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Highly Recommended! You’re The One That I Want

Highly Recommended!

The Marriott Theatre’s 2020 season of American musical classics opens with Jim Jacobs’ and Warren Casey’s much-produced, tuneful, nostalgic satire of Chicago high school life during the 1950’s. And unless you’ve been living under a rock you know that it was turned into the highest grossing movie musical of all time, starring Olivia Newton-John and John Travolta, in addition to becoming an international staple for both amateur and professional theatre groups, alike. But there are some very good reasons for making the drive up to Lincolnshire, where Grease is still the word.

First of all, this season opener is not only big, bombastic and bodacious, utilizing every inch of the Marriott arena stage, but it’s filled with a few unexpected surprises. This fast-paced two-hour production features all the classic tunes that rabid fans of this musical have come to know and love. But, happily, several songs from the film have been added, as well. This production also offers a candy apple primer motorized car that barrels down the aisle and out onto the stage, becoming the legendary set of wheels called “Greased Lightning.” Young Doody (a perfectly cast Michael Kurowski) sings and accompanies himself on guitar with “Those Magic Changes,” turning into a polished fantasy production number featuring a terrific backup ensemble of screaming girls.

One of Act II’s highlights is always “Shakin’ at the High School Hop,” that segues into the big dance contest, “Born to Hand Jive.” Thanks to Patti Garwood’s gifted pit orchestra and William Carlos Angulo’s spirited, athletic choreography this, like every other dance and musical number, nearly stops the show. The always incredibly talented team of scenic and lighting designers Jeffrey D. Kmiec and Jesse Klug impress theatergoers with their array of glowing, multicolored 1950’s neon signs that frame the stage, along with the sudden appearance of Marty’s bedroom, Jan’s basement playroom and the Burger Palace with its diner booths. And Amanda Vander Byl’s colorful, inventive period costumes add still one more element of polished, professional quality to this production.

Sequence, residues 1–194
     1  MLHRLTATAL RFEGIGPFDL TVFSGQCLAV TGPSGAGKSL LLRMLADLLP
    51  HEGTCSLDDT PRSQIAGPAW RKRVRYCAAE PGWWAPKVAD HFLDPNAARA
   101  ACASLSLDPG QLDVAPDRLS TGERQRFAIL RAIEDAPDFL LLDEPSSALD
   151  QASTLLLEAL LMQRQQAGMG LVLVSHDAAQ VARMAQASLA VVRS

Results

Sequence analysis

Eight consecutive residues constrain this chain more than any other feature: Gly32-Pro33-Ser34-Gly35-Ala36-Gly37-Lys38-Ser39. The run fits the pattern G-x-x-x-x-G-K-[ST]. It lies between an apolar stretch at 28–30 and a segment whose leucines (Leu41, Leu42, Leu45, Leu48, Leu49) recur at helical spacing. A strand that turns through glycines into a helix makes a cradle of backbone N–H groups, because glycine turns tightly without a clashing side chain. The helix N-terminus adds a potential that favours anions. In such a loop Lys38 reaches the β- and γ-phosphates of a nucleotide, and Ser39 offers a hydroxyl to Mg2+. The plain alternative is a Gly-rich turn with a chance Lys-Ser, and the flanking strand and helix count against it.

Secondly, the entire company is spectacular, portraying real, reputable characters, not the typical cartoonish caricatures we often see in other productions. From newcomer Jimmy Nicholas’ honestly sincere portrayal of Danny, the Rydell High School stud, to Leryn Turlington’s shy, absolutely natural interpretation of Sandy, the new girl in town, this loving teenage couple truly carry this show. As in every show she’s appeared, Ms. Turlington has one of the finest trained voices in Chicago, hitting all the right notes with “Hopelessly Devoted to You” and “Summer Nights.”

Kelly Anne Clark’s conservative, uptight Miss Lynch and Jessica Palkovic’s aggressive and nimble-footed Cha Cha DiGregorio are both wonderfully funny. Landree Fleming’s bubble-brained Frenchy, the “Beauty School Dropout,” and Michelle Lauto’s hot-to-trot Marty are equally stunning, especially with Ms. Lauto’s girl group rendition of “Freddy, My Love.” Kevin Corbett and Jacquelyne Jones dazzle as Kenickie and Rizzo (one of the best acted and sung versions of “There Are Worse Things I Could Do”); while Jake Elkins’ Roger and Tiffany T. Taylor as his insatiable sweetheart Jan deliver an hilarious duet with “Mooning.” Garrett Lutz and Alaina Wis make a humorous couple as Eugene and Patty, the prototypes of the school nerd. And, almost stealing the show, the ever-hilarious Jonathan Butler-Duplessis enters down the aisle in a cloud of smoke as Teen Angel. Director Scott Weinstein’s hard-working ensemble add so much to this musical, filling in and supporting the other characters wherever needed.

This is an energetic, professionally polished production that will delight both newcomers to this musical, as well as those who’ve seen the show several times before. Everything about this “Grease” is first-rate. Jimmy Nicholas and the exquisite Leryn Turlington lead a cast of appealing, accomplished professionals through an evening of belted-to-the-rafters songs and dances choreographed to an unbridled frenzy. Leryn Turlington turns in another great performance, while Jacquelyne Jones brings an unexpected vulnerability to her portrayal of tough-girl Rizzo that makes her more appealing. Neon lighting, brilliant choreography and mellifluous singing (thanks to the always astute musical direction by Ryan T. Nelson), colorful costumes and Scott Weinstein’s creative staging all make this production “The One That I Want.”